25 June, 2009
The strictest immigration regime in the world
No, it wasn't the child's untimely demise which caught my attention when I stumbled across the news item again this morning, but rather the manner of his arrival on these shores:
OK, let's put that to one side for the moment and do a bit of general browsing. Now, suppose you find yourself yet again reading one of the innumerable and repetitive race/immigration/BNP threads on CiF and similar fora. Reading CiF is a bit like self-harming or recreational pharmaceuticals: you know you shouldn't but, well, one last time won't do any harm, will it? Well, on this last ever, ever (promise!) read of CiF, you can pretty well guarantee that about half way downthread someone will pop up and solemnly assure us that it's well nigh impossible to immigrate into the UK from a Third World country.
Today Sunday's friends said he had been sent from Nigeria at the age of six or seven having become orphaned following the deaths of both his parents.Sunday's best friend Abu Mansaray, 17, said the news of his death had still not sunk in. He said: "I was like a brother to him. He was struggling, struggling all his life - coming here from Nigeria at primary school age for a better life..."
If I have the energy later on, I'll see if I can find a real example or two, but you know the form:-
The borders are secure. Nobody from the Third World can settle in the UK these days without at least two postgraduate degrees and a job offer in the UK which has been extensively and repeatedly advertised without success in all UK newspapers over a period of not less than six years, together with personal letters of recommendation from at least three of the Queen's corgis. And in the case of an actual or intending spouse wishing to join an existing British citizen in the UK, entry under a provisional visa may be granted only after exhaustive investigations and will be subject to the presence of a UKBA observer in the marital bedroom for a probationary period of not less than ten years before permanent settlement can be considered. Any issue born during the probationary period will be deported or, at ministerial discretion, eaten.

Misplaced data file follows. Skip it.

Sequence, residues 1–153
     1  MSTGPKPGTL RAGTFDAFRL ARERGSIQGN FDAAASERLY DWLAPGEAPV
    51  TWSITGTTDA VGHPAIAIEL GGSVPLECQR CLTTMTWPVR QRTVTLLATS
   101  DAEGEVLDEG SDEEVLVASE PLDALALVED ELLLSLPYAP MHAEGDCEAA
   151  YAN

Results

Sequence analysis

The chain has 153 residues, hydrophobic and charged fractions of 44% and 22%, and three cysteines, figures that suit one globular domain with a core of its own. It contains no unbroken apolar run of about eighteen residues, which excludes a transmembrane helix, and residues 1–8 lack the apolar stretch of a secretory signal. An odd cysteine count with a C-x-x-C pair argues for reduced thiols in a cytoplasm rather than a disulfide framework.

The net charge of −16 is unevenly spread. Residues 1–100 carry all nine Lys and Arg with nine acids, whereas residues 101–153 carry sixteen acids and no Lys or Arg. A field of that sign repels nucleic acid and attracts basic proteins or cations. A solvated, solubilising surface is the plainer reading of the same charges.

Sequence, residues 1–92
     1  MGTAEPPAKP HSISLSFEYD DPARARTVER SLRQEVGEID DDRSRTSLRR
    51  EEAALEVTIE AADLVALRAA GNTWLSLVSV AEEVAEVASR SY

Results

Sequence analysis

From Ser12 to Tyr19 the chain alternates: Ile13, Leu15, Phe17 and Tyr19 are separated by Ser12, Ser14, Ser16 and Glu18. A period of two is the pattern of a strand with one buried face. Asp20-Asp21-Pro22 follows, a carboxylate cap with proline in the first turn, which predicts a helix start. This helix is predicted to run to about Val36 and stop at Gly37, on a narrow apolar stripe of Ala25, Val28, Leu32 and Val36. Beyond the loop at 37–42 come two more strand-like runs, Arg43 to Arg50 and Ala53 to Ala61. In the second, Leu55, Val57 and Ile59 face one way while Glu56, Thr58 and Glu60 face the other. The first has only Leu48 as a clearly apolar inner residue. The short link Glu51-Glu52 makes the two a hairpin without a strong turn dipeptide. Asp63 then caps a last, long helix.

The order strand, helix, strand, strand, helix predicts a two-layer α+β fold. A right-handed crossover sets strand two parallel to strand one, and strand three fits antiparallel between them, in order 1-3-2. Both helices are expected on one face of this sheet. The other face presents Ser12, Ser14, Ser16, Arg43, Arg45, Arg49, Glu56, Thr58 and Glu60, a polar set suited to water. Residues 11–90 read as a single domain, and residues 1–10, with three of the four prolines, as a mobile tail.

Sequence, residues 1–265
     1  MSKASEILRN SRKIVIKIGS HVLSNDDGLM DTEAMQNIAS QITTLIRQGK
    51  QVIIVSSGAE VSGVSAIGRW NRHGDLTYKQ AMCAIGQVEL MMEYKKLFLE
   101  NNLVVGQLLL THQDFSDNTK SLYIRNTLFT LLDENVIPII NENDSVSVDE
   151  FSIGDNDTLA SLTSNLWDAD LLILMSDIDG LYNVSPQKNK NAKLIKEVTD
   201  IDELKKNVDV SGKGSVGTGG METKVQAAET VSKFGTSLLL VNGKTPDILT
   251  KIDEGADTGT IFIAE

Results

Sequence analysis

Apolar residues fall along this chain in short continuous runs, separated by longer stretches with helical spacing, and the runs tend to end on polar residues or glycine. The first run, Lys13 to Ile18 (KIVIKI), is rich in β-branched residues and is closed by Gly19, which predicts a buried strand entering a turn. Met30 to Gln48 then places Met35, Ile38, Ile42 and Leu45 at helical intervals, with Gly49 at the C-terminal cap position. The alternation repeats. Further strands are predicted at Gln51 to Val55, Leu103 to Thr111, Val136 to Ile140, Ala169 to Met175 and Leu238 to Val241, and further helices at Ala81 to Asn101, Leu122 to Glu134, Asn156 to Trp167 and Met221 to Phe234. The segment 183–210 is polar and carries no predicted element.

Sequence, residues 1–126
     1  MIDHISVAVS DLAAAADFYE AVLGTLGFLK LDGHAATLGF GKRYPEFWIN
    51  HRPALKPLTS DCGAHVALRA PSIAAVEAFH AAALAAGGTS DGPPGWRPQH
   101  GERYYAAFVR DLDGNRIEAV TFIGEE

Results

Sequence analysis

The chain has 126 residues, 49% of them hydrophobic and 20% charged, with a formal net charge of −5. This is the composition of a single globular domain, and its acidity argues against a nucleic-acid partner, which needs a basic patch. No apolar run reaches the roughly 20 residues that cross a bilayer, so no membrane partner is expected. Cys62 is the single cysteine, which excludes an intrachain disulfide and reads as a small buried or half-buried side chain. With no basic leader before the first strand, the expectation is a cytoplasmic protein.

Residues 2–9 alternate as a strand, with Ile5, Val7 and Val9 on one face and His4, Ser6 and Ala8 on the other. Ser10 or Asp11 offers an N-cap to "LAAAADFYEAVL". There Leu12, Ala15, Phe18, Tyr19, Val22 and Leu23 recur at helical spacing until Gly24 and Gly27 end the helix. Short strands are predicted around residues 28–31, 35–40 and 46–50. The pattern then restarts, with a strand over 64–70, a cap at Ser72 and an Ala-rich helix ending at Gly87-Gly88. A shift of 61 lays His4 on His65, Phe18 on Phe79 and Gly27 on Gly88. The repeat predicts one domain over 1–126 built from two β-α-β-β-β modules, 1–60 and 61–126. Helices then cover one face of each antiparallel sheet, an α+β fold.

Or something along those lines.
Piecing together the various newspaper articles on the Sunday Essiet murder, it seems that following his father's death, Sunday's mother brought him and his sister from Nigeria "for a better life" to the UK, where they stayed with relatives. His mother subsequently returned to Nigeria where she too died, with Sunday and his sister remaining in the UK.
What puzzles me is, how does this scenario fit in with our supposed ultra-strict immigration regime which has, we are so confidently and authoritatively assured, reduced Third World inward migration to a sluggish elite trickle?
— "Purpose of visit?"Or perhaps,
— "To settle permanently with a view to making a better life for my kids."
— "Fair enough! Welcome to the UK. Mind how you go, Madam!"
— "Purpose and duration of visit?"followed by a quick shopping trip down the Thamesmead document factories.
— "Visiting relatives. Six months."
— "Your tourist visa seems to be in order, Madam. Enjoy your stay in the United Kingdom.
It begs questions, doesn't it? In particular, if the immigration rules, which in substance derive from the 1971 Act, are as tough as they are made out to be, just how many of our more recent arrivals have a questionable status, and what is the status of their UK-born children?
Meanwhile, in other news, the conversion rate for the Naira in Woolwich today is 265 NGN = 1 GBP.
No, probably not. Just a move to a place a little further out of the vibrant, diverse ciy...